For the past three and a half weeks, Taraka Larson has been spending her time living in a gallery transformed into a post-apocalyptic Garden of Eden with a seven foot long native gopher constrictor. Inspired by the failed Biosphere 2, a series of recurring serpent nightmares, and Joseph Beuys’ short stint living in a gallery with a wild coyote, Larson envisions a radical utopian living experiment where both human and snake can co-exist together in harmony. The contained space becomes like a sealed hermetic chamber of sorts, with the aim to regain pieces of lost paradise and heal the unconscious rifts within the individual and collective psyches, post-fall.

The “garden” weaves together simulated elements of the snake’s native desert habitat, as well as dream-like slices of Larson’s pre-internet youth growing up in a small redneck town outside of Austin listening to punk music and learning how to play guitar. Each shred of memory contains a vague reference to a personal “paradise lost”, be it Blink 182’s Buddha album, a Nirvana poster, or Greenday’s “Welcome to Paradise”. Part of the co-habitation process has involved writing pop punk homages with the snake and tending to various herb and vegetable plants growing throughout the space. At the end of the residency, one of these songs will be cut on a lathe and pressed into pizza dough as an ephemeral, edible sonic artifact, a “pizza record”, made from the various plants grown inside the garden.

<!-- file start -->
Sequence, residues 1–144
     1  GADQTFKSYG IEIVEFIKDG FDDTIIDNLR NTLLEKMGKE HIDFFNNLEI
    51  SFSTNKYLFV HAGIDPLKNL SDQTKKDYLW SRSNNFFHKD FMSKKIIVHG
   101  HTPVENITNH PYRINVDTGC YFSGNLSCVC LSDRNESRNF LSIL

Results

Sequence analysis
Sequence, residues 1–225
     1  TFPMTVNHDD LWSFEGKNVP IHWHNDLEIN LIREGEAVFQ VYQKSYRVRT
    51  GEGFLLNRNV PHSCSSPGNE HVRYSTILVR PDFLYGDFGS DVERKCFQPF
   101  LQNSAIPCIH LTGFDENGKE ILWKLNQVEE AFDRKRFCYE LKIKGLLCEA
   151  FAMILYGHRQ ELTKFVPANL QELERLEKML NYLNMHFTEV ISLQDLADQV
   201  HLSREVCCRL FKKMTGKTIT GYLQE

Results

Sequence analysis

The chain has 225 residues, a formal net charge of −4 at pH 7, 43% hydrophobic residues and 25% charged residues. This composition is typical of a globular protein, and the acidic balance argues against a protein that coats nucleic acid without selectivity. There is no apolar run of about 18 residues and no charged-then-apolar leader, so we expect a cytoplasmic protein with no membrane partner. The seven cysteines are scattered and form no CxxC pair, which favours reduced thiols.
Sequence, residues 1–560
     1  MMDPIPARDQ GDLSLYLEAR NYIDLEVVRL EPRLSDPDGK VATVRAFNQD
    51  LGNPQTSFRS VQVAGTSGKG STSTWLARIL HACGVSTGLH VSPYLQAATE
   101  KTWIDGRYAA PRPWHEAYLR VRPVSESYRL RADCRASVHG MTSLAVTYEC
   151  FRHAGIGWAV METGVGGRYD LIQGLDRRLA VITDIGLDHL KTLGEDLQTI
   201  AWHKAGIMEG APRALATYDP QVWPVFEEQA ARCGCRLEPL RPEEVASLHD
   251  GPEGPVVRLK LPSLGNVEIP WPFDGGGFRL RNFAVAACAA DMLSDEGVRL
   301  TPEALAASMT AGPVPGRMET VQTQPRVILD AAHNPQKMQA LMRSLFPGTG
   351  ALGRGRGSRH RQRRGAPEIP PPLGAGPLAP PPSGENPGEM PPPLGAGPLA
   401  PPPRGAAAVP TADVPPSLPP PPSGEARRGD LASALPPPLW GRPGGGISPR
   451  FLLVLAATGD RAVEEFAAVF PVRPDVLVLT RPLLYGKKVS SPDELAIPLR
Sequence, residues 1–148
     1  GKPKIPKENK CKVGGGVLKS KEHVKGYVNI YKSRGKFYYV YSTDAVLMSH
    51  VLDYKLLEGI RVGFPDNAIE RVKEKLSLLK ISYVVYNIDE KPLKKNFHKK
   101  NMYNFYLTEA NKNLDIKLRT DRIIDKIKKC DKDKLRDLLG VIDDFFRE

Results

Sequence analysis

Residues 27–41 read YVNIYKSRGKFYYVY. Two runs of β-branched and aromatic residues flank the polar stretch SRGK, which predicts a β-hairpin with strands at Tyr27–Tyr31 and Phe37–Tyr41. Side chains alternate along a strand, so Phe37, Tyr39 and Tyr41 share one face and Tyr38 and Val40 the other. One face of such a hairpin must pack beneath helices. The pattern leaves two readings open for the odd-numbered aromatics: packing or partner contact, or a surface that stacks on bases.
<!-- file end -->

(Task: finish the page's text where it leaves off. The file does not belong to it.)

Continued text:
In the vein of teenage utopias, a pizza party will be thrown at MoHA on May 29th and 30th where each person will receive their own personal pizza record in a custom-painted pizza box which they can then decide to play on a turntable, or just allow their digestive systems to act as the needle passing over the grooves, bringing up questions of how utopia is consumed and internalized. The final phase of the project is to then destroy the garden and release the snake into the wild, shattering the captive illusion of simulated paradise to cultivate the one within.